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High susceptibility of the anterior and posterior piriform cortex to induction of convulsions by bicuculline


: Dr W. Löscher, as above.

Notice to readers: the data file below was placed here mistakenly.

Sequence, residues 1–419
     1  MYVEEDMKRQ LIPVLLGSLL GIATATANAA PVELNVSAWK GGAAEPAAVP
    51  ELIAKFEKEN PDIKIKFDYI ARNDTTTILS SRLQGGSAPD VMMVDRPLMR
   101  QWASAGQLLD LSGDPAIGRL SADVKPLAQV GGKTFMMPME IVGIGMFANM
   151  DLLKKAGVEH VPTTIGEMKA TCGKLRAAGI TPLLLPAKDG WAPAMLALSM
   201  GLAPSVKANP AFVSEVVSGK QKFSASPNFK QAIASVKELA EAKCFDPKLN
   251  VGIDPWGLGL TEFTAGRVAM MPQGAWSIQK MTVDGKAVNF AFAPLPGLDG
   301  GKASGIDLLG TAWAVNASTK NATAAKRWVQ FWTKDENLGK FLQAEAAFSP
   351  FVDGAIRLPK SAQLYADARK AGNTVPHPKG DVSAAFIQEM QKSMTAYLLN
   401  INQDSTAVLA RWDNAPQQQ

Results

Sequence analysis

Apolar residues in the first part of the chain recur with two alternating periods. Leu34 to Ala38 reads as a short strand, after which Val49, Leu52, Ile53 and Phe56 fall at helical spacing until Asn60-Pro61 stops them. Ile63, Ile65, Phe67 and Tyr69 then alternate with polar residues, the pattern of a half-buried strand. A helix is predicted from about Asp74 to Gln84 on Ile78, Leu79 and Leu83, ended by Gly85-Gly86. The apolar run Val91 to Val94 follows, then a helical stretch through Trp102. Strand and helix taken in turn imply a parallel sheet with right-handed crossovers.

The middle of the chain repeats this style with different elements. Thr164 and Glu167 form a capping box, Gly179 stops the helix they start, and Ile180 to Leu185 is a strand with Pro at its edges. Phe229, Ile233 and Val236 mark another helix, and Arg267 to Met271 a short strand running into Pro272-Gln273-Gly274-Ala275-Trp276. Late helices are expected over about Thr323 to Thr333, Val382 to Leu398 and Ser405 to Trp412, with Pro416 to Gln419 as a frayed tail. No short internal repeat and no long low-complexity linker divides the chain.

Accumulating evidence suggests that the piriform cortex (PC) plays a critical role in the development of limbic motor seizures. In the anterior piriform cortex (aPC), a functionally defined, discrete epileptogenic site has been previously identified by unilateral microinjection of bicuculline in Sprague–Dawley (SD) rats and termed the ‘area tempestas’ (AT). Compared to this site in the aPC, more posterior PC sites, particularly a site in the transition zone between the posterior and aPC (central PC) exhibited a greater susceptibility to electrical stimulation. However, it is not known whether central and posterior sites in the PC differ from the aPC, including the AT, with regard to their sensitivity to bicuculline. In the present study, unilateral focal microinfusion of picomole quantities of bicuculline induced behavioural (focal and generalized) seizures in deep layers of all parts of the PC in two rat strains, Wistar and SD. The incidence of generalized seizures was higher in the AT of SD rats, but no such difference was seen in Wistar rats, arguing against the previous proposal that the rat AT is unique in its sensitivity to induction of seizures by bicuculline compared to other locations within or outside of the PC. Injection of biotin–dextran in PC seizure-sensitive sites in SD rats showed clear differences in anterograde and retrograde labelling between the different PC sites. Therefore, although it was possible to evoke generalized seizures from all parts of the PC, the anatomical connections of the bicuculline injection sites were qualitatively different. The results suggest that the deep layers of the entire PC are highly sensitive to seizure induction by bicuculline, thus substantiating the notion that the PC may be important in seizure generation and propagation.